Before you commit to owning one, you might want the answer to the question “do Labrador Retrievers drool a lot?” Labradors are not a breed typically associated with being very drooly. But as for all dogs, there are some things which will trigger them to start drooling more than usual. Occasionally, if your Labrador drools a lot, it can be a cause for medical concern.
In this article, we take a look at how much Labradors normally drool, and when a lot of drool calls for intervention, or even a trip to the vet.
I bet you’ll have no problem picturing a dog with long strands of drool suspended from the corners of their mouth. In fact, dogs of all breeds are master slobber manufacturers. Like us, they have all of the following pairs salivary glands (one on each side of their head):
- Sublingual salivary glands under their tongue
- Mandibular salivary glands toward the back of their lower jaw
- Parotid salivary glands beneath the ear canals
And they also have a bonus pair of salivary glands in the roof of their mouth, beneath their eye socket, called the parotid glands! All of these glands are seromucus glands. Which means they produce a mix of water and mucus. It’s the mucus – a slippery mix of water, proteins and other compounds – which makes it possible for drool to hang from dogs’ faces in such long, pendulous globules.
Do Labrador Retrievers Drool A Lot?
Labs also have four sets of salivary glands. But, they are not known for being excessively slobbery. The most drooly dog breeds are those with loose skin around their mouth and jowls, such as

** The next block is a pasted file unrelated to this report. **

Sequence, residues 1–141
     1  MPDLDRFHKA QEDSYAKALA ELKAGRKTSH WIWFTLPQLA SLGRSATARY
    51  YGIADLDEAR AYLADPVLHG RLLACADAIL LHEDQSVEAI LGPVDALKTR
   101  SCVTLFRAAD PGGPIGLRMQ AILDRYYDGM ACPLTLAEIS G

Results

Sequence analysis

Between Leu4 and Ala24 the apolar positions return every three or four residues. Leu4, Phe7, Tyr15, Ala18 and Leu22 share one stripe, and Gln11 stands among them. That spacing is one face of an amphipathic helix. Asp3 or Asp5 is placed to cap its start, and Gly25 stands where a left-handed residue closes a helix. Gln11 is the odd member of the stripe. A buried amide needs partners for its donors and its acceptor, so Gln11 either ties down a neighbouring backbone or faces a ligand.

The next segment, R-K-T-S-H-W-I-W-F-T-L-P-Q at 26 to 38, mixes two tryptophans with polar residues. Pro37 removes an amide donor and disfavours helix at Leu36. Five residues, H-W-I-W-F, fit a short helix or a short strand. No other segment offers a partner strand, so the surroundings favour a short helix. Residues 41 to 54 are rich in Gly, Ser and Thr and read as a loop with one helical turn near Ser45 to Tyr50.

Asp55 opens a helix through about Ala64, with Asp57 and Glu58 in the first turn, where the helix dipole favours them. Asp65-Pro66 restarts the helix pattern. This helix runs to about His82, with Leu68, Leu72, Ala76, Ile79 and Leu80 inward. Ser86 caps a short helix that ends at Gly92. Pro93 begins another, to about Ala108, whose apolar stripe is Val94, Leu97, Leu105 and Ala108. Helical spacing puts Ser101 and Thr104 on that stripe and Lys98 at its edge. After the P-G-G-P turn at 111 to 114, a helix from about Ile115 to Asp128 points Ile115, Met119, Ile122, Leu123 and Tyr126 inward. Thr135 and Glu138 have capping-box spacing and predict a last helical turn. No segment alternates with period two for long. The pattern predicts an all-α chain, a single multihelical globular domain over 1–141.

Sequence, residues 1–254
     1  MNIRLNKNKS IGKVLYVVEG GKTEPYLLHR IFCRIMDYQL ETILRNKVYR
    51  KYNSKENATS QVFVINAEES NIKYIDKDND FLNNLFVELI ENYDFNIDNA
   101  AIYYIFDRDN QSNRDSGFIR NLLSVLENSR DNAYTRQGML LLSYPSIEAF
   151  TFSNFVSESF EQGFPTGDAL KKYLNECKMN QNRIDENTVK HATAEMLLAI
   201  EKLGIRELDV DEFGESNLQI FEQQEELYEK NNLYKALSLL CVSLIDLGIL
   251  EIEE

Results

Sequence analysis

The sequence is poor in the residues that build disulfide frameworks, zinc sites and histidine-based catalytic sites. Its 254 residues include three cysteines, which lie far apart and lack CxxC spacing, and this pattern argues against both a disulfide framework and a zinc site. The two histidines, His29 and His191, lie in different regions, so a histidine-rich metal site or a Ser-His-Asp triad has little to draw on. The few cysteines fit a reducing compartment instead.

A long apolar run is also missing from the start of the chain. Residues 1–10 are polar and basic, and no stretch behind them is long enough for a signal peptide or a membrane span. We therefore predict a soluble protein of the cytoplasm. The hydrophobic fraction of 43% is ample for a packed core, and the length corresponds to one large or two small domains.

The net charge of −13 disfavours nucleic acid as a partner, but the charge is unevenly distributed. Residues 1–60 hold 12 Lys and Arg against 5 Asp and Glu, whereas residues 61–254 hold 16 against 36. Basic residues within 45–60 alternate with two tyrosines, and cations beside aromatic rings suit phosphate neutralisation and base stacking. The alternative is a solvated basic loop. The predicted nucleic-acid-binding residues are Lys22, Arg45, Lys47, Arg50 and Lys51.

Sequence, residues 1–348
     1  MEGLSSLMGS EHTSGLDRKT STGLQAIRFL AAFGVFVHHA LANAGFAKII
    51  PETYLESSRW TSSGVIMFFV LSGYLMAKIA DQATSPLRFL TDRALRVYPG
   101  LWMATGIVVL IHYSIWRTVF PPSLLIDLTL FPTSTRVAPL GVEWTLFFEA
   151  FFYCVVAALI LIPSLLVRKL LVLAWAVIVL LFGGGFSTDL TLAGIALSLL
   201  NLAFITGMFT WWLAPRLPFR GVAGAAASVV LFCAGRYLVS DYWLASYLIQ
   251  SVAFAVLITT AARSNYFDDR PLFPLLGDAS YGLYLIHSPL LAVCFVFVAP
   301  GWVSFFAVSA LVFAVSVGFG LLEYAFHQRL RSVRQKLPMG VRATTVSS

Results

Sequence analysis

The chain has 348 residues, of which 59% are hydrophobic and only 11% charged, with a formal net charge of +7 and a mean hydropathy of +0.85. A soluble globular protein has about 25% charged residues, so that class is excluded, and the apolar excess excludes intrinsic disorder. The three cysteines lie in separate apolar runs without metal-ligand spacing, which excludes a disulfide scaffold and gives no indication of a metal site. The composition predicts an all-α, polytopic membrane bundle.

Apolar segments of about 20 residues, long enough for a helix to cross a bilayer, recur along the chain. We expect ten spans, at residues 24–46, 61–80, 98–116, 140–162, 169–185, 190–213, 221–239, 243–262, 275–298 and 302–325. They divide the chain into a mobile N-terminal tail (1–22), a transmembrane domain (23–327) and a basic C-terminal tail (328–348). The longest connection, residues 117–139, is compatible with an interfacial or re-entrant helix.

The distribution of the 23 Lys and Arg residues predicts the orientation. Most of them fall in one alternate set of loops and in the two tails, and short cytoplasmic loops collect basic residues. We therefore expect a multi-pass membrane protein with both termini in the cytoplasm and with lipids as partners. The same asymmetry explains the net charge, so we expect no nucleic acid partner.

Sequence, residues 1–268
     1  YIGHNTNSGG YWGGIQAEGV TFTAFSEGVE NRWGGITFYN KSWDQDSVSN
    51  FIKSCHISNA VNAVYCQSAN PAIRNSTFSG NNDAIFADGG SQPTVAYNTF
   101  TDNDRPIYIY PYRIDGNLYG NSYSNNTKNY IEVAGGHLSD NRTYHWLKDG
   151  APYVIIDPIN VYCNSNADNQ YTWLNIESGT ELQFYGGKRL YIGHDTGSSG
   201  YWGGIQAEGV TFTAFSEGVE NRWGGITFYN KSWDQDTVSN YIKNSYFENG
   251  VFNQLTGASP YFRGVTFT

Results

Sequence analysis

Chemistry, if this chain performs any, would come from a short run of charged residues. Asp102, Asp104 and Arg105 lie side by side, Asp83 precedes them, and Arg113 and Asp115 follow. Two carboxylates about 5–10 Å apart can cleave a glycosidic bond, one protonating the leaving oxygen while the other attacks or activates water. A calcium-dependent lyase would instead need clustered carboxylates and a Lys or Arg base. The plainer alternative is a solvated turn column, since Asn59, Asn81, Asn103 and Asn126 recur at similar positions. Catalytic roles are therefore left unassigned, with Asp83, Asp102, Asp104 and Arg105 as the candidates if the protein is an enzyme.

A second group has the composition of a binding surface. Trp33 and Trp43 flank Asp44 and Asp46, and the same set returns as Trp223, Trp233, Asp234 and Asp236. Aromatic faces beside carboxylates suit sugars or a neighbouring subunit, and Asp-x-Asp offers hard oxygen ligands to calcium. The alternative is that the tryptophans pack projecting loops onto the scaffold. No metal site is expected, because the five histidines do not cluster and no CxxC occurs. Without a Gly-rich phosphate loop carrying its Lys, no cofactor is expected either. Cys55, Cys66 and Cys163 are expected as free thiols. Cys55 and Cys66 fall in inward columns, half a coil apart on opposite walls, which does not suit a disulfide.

- Saint Bernards
- Basset Hounds
- Bull Dogs
- Bernese Mountain Dogs
In these dogs, the structure of their face makes it easy for saliva to leak out of the mouth. They aren’t making more drool than other dogs, they’re just not containing it very well! Meanwhile, according to their breed standard Labrador Retrievers should have powerful jaws and clean-cut cheeks that are free from fleshiness.
Inevitably there is a bit of variation from individual to individual, and some Labs have slightly looser mouths than others. But on the whole, the structure of their face keeps the mouth well sealed, and doesn’t lend them to drooling. Of course, Labradors crossed with loose jowled breeds, such as the Labrador-Newfie cross or the unlikely Bassador, may be a different story!
What Makes Labrador Retrievers Drool A Lot?
Over on our friendly Labrador forum, few members complain about their Labradors drooling too much in general. But there is one time when they all agree that their Labs’ salivary glands go into overdrive. Suddenly, long strings of slobber start to appear, and puddles of the stuff even form around their feet. What triggers such a soggy reaction? Well, food of course!
Labradors are famous for their appetite. This is partly because around one quarter of them are estimated to carry a genetic mutation which increases their appetite. But with or without this mutation, there’s a good chance that if your Labrador spots you with food, they’ll be stuck to your side like glue, with a hopeful expression and mouth watering.
Crating your Lab with a Kong while you prepare your own meals is a good way to stop drooling at the sight of food from becoming an unpleasant and off putting habit.
When Else Do Labrador Retrievers Drool A Lot?